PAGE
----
In the spring of 1975, Touro College saw its first class of 41 men graduate. That fall, as the young school entered its fifth year, designs were submitted for custom bookplates to be used in the steadily growing library. Rough sketches found in the Touro Archives show some of the designs that did not make the cut:
Faculty from the Occupational Therapy program at Touro College are making headlines and receiving awards from several different Occupational Therapy associations for their stellar work in the field.
Pictured above are award-winning faculty members. From left to right, Assistant Professor Pat Precin, Assistant Professor Elizabeth Griffin Lannigan, and Beth Chiariello, Associate Director of the School’s Manhattan-based OT program.
The role of an occupational therapist is to improve the quality of life for those they are assisting. Some of the OT and OTA Professors at Touro are not only impacting the students they work with on a daily basis but they are making breakthroughs in the field of occupational therapy through their research and practice. The new precedents and programs that are being established will ultimately have a lasting positive effect and their work will touch the lives of many people they will never even meet.
Even after you graduate, you are still a part of the Touro College community.
Touro College Libraries will continue to support our alumni in their pursuit for research and professional development!
The library provides Touro College alumni access to a number of electronic resources, including e-book databases with thousands of popular titles, leading databases for scholarly articles in many subject areas as well as several Judaica resources. http://www.tourolib.org/alumni.
The personal Judaica collection of Touro College’s founder and long-standing first President, Rabbi Dr. Bernard Lander, is available for all to use at the Lander College for Men in Kew Gardens Hills, Queens.
Shortly after the passing of Touro College founder and long-time President Rabbi Dr. Bernard Lander, of blessed memory, the Touro College Libraries were privileged to receive his personal library as a donation from the Lander family. His Judaica books were cataloged and given their rightful place of honor at the Lander College for Men.
As far back as I can remember, I have wanted to live surrounded by books. Reading at my grandmother’s was a frequent noon pleasure during my childhood in Cuba. That is probably why I was not disappointed at all when I found out that on the admission tests required to access the University there, I was assigned to the School of Librarianship and Information Sciences.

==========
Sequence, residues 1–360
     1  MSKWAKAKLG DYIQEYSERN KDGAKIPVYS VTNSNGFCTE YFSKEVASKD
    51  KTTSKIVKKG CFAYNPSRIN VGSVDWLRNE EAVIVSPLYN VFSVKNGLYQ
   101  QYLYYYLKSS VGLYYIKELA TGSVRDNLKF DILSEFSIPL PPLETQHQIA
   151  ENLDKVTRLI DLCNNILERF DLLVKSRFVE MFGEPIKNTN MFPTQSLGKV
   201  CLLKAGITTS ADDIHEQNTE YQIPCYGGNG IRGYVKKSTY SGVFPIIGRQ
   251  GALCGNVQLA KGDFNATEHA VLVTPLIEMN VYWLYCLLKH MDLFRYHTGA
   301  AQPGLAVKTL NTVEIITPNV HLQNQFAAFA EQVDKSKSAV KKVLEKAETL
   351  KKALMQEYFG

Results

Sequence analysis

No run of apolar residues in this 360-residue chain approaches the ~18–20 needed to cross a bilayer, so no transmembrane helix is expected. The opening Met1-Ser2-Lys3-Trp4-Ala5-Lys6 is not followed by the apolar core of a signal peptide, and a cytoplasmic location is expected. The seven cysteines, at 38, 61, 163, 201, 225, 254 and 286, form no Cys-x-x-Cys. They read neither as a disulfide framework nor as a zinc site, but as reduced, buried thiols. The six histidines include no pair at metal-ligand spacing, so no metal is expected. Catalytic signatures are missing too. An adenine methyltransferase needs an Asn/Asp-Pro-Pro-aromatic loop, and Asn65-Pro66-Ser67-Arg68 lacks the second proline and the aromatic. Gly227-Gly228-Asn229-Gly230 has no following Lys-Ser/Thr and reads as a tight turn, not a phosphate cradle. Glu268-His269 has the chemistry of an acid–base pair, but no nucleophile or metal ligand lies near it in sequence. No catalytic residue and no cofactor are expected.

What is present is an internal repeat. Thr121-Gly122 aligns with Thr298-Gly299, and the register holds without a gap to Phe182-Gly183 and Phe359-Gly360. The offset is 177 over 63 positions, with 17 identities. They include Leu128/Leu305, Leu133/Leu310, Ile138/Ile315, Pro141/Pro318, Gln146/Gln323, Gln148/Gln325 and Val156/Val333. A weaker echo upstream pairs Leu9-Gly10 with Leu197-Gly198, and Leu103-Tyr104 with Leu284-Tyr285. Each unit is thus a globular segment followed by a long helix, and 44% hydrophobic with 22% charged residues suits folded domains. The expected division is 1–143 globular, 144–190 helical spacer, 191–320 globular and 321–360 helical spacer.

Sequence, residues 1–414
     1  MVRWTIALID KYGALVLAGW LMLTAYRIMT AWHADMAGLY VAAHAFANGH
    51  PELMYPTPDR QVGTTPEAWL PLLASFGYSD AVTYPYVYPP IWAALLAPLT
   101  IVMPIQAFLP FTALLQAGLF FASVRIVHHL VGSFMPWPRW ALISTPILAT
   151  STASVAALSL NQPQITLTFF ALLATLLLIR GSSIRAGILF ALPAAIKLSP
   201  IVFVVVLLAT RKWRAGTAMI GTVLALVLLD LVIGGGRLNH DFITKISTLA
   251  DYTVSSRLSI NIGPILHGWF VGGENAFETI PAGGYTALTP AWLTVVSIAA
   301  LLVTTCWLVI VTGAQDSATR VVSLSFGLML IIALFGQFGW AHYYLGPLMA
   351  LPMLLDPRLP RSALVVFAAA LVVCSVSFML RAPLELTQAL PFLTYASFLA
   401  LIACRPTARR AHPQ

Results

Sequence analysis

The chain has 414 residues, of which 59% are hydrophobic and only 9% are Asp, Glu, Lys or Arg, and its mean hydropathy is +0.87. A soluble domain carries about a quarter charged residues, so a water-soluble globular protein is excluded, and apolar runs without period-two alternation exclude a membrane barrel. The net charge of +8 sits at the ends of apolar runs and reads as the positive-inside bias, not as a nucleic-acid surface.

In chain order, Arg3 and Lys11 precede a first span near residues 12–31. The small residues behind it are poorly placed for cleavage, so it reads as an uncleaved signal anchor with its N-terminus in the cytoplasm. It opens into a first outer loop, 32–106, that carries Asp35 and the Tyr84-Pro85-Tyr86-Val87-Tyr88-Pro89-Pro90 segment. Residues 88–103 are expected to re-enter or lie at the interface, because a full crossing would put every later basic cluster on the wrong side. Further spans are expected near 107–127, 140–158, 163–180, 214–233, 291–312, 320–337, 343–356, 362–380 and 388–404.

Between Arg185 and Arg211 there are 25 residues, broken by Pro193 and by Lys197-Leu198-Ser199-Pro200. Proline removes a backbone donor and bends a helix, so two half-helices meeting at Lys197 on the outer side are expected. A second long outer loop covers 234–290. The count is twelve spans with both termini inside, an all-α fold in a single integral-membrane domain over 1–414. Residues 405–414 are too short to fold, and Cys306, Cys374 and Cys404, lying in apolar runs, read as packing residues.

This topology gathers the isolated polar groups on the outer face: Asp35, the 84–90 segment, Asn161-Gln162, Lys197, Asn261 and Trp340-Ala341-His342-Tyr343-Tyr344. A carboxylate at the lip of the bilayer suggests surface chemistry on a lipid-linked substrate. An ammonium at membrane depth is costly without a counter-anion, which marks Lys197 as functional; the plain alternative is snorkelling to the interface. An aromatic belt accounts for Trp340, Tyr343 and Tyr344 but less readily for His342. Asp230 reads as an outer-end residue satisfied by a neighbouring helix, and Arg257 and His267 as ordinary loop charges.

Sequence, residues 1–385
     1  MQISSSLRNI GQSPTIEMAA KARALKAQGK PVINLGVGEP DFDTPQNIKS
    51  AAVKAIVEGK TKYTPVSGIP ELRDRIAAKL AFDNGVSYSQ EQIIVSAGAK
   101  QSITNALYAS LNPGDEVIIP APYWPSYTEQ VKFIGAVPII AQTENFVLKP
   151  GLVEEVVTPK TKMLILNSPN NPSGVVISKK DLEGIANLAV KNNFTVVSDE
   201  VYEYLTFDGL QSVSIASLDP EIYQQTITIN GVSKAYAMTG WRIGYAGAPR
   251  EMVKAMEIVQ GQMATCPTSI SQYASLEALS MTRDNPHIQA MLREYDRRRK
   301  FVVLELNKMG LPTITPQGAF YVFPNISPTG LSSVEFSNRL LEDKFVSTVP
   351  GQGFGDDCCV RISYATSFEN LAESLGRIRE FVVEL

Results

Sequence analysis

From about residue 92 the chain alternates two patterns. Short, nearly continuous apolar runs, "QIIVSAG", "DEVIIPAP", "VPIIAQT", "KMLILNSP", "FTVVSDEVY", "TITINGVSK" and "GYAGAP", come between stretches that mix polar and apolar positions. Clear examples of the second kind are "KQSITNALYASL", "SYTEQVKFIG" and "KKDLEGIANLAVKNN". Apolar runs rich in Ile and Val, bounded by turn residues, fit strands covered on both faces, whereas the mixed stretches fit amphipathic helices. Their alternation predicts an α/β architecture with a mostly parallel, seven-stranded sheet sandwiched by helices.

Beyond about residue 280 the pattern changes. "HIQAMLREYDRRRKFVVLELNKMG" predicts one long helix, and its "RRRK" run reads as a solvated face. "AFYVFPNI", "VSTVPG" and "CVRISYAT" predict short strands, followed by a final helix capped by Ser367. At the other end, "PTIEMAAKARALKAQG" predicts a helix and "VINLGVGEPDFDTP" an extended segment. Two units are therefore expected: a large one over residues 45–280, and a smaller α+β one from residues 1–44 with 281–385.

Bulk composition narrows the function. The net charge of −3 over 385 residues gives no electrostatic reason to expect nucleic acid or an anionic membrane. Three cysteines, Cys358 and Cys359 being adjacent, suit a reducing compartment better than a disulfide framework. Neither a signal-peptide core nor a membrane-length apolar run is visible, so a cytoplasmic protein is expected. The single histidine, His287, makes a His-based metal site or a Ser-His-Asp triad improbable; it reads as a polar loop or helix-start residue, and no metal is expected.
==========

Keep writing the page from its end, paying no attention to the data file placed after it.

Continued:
With its many campuses, Touro College is fortunate to have a large staff of highly skilled information specialists to assist students at its libraries. Our dedicated professionals play a crucial role in students’ academic success, responding to their reference inquiries and guiding them in the use of the libraries’ ample electronic resources.
Google Scholar is a free academic search service that scours the internet for scholarly content in all disciplines. It has become very popular with researchers and students probably for several reasons; it is free, it requires no subscription or password to access, it covers academic disciplines that are not covered in other free products like PubMed, and it includes content from academic websites and institutional repositories like preprints and theses that are not typically included in databases of peer-reviewed journal articles.
Scopus is a large abstract and citation database of peer-reviewed literature in science, technology, medicine, social sciences and Arts & Humanities. It is made available to Touro faculty, staff and students through a Touro Library subscription. Scopus recently released a new interface which has streamlined the steps for the most common uses of the database. The Scopus 10thanniversary release went live on February 1.